The final reason I left Facebook was because facts no longer mattered. Though this sounds harsh and silly, people literally stopped caring about what the truth of a subject was, which was more than enough for me. I will tell you how ridiculous it became. I remember a specific post that I had made concerning McDonald's and how though it was cheap, it was also extremely unhealthy. I remember taking some time to research my theory and pricing the items of a meal there, and how I compared its nutritional value to a cheap home cooked meal of similar price. There was so much rage in the comment section, “I feed my daughter this every day and she is fine.” Or “You try feeding a family of four for a little over $5, you can’t. This is an insult to all the parents out there trying to make ends meet.” Or my favorite, “This is completely classist, not everyone has the money to afford a home cooked meal.” I was absolutely stunned. I had found the information, I had taken time to get the facts on the subject, and I had shared the information to let people know that they could make a family meal for $5 and it absolutely did not matter. Sharing facts suddenly became classist.

I deleted my Facebook without telling anyone a year later and moved on. I had hoped that Minds would be different, but unfortunately it is much the same. I found myself taking a break a few months back just because the arguing had become so tiresome. I will say, Minds users are not as fond of blocking as Facebook users, and people on Minds do like to discuss subject matter, which is completely unlike Facebook. But I have still found that the relationships that I have built here are not any deeper than the relationships I had on Facebook and facts still do not matter here. It is true that there are a lot of different opinions throughout Minds and that is wonderful. I appreciate that in this site. But if the mentality of the people is still, “No matter what, I’m right” nothing can be gained from interaction here outside of winded arguments.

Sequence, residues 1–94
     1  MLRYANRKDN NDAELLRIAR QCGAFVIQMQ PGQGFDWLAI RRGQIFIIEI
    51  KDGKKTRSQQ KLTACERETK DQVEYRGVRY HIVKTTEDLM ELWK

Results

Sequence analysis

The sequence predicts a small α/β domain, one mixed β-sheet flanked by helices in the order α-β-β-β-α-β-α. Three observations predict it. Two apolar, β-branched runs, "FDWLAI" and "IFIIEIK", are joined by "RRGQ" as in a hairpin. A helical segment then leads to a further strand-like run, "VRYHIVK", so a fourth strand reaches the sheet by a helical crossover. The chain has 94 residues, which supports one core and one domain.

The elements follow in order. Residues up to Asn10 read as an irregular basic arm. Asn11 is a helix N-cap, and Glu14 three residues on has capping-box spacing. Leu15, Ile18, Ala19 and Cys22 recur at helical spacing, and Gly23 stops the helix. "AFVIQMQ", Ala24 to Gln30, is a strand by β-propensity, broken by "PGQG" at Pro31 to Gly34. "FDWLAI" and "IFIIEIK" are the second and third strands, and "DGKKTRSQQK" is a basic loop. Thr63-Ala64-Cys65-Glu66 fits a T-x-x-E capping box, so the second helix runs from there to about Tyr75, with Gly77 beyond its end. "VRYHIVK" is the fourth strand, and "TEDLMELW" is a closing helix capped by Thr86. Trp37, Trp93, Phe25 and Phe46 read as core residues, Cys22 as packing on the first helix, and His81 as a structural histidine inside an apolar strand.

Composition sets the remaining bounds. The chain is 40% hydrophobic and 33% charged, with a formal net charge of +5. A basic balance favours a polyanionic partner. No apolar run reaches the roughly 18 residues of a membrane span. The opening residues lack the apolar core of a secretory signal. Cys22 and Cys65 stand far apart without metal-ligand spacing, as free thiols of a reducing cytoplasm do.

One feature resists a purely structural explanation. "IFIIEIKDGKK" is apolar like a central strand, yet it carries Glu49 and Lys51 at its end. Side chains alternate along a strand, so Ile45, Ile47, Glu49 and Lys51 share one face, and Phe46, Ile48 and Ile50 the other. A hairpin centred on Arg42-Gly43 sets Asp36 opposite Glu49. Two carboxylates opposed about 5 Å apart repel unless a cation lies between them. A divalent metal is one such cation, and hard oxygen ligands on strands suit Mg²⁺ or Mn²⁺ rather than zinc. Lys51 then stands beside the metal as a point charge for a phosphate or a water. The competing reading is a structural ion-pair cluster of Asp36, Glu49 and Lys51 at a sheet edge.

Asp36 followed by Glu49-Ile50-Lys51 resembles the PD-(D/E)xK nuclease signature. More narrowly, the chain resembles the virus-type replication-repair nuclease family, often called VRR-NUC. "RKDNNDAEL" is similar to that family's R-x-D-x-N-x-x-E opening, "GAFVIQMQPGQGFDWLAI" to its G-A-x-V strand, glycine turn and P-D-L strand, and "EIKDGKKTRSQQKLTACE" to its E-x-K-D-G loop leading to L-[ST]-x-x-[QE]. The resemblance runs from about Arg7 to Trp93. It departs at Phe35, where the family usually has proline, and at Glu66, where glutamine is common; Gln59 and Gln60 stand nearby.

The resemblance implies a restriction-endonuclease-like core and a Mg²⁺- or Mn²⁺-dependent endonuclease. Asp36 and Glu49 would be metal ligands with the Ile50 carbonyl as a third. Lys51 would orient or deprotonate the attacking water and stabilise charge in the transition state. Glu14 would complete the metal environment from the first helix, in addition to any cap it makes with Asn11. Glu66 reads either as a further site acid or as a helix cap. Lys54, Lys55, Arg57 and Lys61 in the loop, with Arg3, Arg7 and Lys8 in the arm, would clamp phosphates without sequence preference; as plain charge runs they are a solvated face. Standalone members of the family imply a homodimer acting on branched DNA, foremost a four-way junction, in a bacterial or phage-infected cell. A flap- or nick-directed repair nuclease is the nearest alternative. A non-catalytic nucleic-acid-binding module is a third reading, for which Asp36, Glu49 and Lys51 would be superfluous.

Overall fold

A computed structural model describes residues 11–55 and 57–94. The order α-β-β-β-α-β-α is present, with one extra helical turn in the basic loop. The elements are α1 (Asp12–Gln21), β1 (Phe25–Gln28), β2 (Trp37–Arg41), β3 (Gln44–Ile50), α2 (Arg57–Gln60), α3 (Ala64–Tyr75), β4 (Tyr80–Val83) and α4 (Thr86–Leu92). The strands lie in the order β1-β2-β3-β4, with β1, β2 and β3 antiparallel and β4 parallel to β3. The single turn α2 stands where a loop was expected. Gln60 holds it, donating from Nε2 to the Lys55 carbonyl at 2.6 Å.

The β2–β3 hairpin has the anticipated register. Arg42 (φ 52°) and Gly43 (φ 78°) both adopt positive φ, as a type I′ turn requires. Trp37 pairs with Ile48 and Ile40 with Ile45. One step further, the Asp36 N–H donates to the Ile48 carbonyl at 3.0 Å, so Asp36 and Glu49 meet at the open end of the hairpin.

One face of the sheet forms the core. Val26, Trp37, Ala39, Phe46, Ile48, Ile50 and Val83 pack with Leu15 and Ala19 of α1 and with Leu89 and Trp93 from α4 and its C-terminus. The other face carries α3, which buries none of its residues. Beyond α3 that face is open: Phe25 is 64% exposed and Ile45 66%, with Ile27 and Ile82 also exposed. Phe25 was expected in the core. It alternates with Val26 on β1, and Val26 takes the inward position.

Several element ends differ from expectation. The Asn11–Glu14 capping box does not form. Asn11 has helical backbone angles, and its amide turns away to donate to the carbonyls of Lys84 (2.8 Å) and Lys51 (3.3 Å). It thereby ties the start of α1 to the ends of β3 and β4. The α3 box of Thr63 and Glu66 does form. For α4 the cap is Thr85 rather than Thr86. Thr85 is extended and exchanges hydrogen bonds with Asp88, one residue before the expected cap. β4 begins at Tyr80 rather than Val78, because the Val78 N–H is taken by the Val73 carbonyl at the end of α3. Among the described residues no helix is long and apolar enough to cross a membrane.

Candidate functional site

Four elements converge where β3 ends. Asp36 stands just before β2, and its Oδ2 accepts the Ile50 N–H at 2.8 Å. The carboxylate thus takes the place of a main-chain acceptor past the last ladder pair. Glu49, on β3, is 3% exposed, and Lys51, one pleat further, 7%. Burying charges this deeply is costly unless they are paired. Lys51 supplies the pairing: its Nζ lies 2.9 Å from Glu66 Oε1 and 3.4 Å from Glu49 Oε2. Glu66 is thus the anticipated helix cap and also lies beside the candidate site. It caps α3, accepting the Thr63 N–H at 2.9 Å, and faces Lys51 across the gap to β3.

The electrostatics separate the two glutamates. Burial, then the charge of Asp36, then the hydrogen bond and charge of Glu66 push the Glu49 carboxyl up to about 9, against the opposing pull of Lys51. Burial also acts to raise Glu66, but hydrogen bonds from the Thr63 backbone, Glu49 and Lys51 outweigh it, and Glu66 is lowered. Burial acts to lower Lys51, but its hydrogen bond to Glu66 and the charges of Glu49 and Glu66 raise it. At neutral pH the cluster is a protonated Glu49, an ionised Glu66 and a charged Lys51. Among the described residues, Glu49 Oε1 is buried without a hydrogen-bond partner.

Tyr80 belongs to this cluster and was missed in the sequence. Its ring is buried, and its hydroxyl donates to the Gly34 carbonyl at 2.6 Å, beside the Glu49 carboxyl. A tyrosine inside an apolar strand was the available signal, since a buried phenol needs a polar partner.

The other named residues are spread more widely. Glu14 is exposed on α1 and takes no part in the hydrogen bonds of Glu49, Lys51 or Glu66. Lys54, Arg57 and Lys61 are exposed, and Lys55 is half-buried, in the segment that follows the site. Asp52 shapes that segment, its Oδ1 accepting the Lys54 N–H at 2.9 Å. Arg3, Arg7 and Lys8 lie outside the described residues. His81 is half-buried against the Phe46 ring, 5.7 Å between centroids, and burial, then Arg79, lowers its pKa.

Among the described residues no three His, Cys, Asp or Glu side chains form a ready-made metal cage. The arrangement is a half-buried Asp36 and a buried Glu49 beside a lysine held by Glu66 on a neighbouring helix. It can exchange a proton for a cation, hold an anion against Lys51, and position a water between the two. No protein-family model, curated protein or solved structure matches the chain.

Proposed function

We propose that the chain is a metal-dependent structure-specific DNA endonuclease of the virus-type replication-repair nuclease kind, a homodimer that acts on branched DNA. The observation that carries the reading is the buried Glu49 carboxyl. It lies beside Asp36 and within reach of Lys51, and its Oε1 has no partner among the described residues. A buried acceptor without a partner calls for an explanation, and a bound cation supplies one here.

Ego = the one of the three divisions of the psyche in psychoanalytic theory that serves as the organized conscious mediator between the person and reality, especially by functioning both in the perception of and adaptation to reality. The ego is basically what tells you if what you perceive is right or wrong, so if someone says to you “The sky is green” and you know it to be blue, your ego pushes to you to say, “No, the sky is blue.” However, the ego is also pride and vanity – if it is not kept in check, your perception of reality is skewed. For example, if you have liked cigarettes all your life and your parents smoked, your grandparents smoked, and you feel healthy – obviously, your ego tells you that there are no issues with cigarettes. However, you do not have the knowledge of a doctor or have any research under you belt to back up that your opinion. So if someone questions your behavior by saying, “Cigarettes cause cancer” your ego tells you “I’m healthy as a horse, there is no way it causes cancer” because everyone around you who smokes are fine and you feel fine. But the data/facts are there, it is a proven fact that cigarettes cause cancer. A person with an ego will continue to argue against facts until they are blue in the face because it is their personal truth that matters most.